Franken, Klobuchar have their say on Trump intelligence sharing reports

The president is under fire amid reports he shared "codeword-classified" information.

Donald Trump's tempestuous start to the presidency continued this week with reports that he shared "codeword-classified" intelligence with Russia's foreign minister and ambassador at a meeting last week.

The Washington Post broke the story on Monday evening, and the New York Times is now reporting on Tuesday that the president told Russia it was intelligence from Israel – an ally – that tipped off the U.S. to terrorists' plans to smuggle bombs disguised as laptops and tablets onto U.S.-bound planes.

The president confirmed in a tweet on Tuesday that he shared "facts" with his Russian visitors and both he and his national security adviser H.R. McMaster argued on Tuesday that what was said during the meeting was appropriate, even with diplomats from a country many American politicians see as an adversary.

Minnesota Sens. Al Franken and Amy Klobuchar have expressed alarm at the reports, with Franken saying it once again shows the need for an independent prosecutor be appointed to investigate Russia's involvement in the 2016 elections.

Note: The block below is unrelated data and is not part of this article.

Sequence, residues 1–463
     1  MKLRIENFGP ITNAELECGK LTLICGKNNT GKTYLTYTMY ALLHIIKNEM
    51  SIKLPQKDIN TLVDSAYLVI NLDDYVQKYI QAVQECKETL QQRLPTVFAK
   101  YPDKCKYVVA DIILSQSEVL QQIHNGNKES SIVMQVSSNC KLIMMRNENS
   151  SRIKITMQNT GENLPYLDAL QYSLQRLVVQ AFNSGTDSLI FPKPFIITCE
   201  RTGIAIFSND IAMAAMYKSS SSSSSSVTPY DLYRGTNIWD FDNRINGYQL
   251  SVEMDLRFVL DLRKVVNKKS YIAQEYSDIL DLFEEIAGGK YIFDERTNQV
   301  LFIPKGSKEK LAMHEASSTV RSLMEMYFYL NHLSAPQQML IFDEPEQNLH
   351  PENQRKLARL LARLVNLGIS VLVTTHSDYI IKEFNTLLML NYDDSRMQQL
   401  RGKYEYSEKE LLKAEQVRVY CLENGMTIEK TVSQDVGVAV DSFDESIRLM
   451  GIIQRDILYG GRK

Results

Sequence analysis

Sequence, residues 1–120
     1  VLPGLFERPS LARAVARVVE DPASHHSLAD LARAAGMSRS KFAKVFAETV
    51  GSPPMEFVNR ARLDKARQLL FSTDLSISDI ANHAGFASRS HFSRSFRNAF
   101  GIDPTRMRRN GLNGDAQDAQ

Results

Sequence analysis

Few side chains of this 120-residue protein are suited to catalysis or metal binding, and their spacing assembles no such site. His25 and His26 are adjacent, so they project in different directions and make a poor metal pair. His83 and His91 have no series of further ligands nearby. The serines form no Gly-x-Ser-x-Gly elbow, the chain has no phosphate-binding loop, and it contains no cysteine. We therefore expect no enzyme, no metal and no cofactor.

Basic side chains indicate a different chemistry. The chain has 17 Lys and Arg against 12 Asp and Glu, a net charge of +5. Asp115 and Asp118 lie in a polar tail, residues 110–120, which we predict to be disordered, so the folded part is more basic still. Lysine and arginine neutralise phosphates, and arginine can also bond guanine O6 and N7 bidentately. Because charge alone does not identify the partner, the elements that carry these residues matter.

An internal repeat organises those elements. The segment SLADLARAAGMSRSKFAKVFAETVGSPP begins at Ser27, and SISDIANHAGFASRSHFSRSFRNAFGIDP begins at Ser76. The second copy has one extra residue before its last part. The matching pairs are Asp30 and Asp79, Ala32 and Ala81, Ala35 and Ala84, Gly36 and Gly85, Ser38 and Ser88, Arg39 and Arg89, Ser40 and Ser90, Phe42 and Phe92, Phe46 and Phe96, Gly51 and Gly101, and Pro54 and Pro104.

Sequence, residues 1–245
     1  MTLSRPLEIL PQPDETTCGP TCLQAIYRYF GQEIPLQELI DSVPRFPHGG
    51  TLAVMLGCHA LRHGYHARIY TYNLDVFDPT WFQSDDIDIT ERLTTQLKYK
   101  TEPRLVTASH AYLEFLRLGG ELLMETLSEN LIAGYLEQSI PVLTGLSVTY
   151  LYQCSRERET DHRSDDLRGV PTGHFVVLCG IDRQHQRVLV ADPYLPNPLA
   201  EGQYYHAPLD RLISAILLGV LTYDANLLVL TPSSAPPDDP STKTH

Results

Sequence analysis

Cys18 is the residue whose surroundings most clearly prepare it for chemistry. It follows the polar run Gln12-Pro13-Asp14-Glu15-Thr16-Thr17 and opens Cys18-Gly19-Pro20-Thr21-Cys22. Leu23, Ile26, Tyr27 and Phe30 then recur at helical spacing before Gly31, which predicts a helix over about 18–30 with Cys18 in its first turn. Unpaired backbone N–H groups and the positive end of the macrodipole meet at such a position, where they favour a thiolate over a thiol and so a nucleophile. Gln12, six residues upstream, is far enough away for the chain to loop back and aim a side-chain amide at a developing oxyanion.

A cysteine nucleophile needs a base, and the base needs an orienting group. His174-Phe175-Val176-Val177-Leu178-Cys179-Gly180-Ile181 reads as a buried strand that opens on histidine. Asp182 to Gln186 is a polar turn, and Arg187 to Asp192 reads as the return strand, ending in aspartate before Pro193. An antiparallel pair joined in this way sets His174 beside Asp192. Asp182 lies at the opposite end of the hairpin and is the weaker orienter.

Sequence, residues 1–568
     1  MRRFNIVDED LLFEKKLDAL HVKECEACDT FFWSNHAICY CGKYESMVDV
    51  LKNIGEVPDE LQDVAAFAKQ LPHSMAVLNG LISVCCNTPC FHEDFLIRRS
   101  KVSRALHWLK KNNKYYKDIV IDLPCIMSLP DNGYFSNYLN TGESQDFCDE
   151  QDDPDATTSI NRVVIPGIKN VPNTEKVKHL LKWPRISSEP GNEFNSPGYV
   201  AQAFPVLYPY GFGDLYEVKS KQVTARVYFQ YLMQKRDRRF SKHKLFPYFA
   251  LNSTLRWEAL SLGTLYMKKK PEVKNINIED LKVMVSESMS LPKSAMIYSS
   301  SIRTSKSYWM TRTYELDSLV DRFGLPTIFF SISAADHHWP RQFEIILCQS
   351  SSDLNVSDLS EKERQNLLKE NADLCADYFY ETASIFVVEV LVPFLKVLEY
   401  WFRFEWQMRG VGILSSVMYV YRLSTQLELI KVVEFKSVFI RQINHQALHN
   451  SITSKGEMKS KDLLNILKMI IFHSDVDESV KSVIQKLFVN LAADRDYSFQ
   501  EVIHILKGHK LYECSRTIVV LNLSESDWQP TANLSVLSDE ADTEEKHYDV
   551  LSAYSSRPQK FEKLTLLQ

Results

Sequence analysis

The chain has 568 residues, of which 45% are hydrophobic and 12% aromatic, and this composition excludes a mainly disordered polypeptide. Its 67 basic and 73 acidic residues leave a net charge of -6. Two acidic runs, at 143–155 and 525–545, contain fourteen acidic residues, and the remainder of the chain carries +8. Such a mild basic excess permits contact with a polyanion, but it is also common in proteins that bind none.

"I believe President Trump needs to take several steps to begin fixing this. First, the White House needs to turn over any transcripts of last week’s meeting with the Russians to the Senate and House intelligence committees. Second, more than ever we need an independent, special prosecutor who can get to the bottom of the Trump team’s ties to Russia.

"And finally, President Trump needs to explain to the American people in a clear and honest way why he revealed highly classified intelligence to the Russians."

Klobuchar joined Franken in calling for a full explanation of what transpired in last week's meeting, saying that if the reports are true, it "hurts our intelligence community, undermines our relationship with allies, and could put people in real danger."

"This Administration needs to understand that Russia cannot be trusted and act accordingly."

In a press briefing on Tuesday morning, McMaster said the president wasn't aware of where the information about the terror threat came from, as he wasn't briefed on the sources or method of the information provided.

As president, Trump has the ability to declassify any information he gets, with the BBC reporting the disclosure to the Russians wasn't illegal. However, as The Atlantic notes, it could lead to strained relations with Israel – who provided the tip as part of an intelligence-sharing agreement with the U.S. – at a delicate time diplomatically between the two nations.

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